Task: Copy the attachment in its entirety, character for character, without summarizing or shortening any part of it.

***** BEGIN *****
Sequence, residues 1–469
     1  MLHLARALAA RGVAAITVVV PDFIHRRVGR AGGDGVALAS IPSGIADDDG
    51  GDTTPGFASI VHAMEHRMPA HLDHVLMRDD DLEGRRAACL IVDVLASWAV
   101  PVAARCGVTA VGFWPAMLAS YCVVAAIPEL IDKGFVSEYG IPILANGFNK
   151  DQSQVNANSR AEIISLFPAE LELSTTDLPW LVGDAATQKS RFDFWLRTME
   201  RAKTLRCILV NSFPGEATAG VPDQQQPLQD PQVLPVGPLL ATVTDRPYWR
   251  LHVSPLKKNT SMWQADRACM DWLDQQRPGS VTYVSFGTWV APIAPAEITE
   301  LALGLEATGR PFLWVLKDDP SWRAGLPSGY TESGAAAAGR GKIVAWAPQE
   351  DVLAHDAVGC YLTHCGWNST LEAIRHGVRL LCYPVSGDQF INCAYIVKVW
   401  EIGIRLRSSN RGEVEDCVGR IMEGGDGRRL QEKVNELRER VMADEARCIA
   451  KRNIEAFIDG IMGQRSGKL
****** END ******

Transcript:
Sequence, residues 1–469
     1  MLHLARALAA RGVAAITVVV PDFIHRRVGR AGGDGVALAS IPSGIADDDG
    51  GDTTPGFASI VHAMEHRMPA HLDHVLMRDD DLEGRRAACL IVDVLASWAV
   101  PVAARCGVTA VGFWPAMLAS YCVVAAIPEL IDKGFVSEYG IPILANGFNK
   151  DQSQVNANSR AEIISLFPAE LELSTTDLPW LVGDAATQKS RFDFWLRTME
   201  RAKTLRCILV NSFPGEATAG VPDQQQPLQD PQVLPVGPLL ATVTDRPYWR
   251  LHVSPLKKNT SMWQADRACM DWLDQQRPGS VTYVSFGTWV APIAPAEITE
   301  LALGLEATGR PFLWVLKDDP SWRAGLPSGY TESGAAAAGR GKIVAWAPQE
   351  DVLAHDAVGC YLTHCGWNST LEAIRHGVRL LCYPVSGDQF INCAYIVKVW
   401  EIGIRLRSSN RGEVEDCVGR IMEGGDGRRL QEKVNELRER VMADEARCIA
   451  KRNIEAFIDG IMGQRSGKL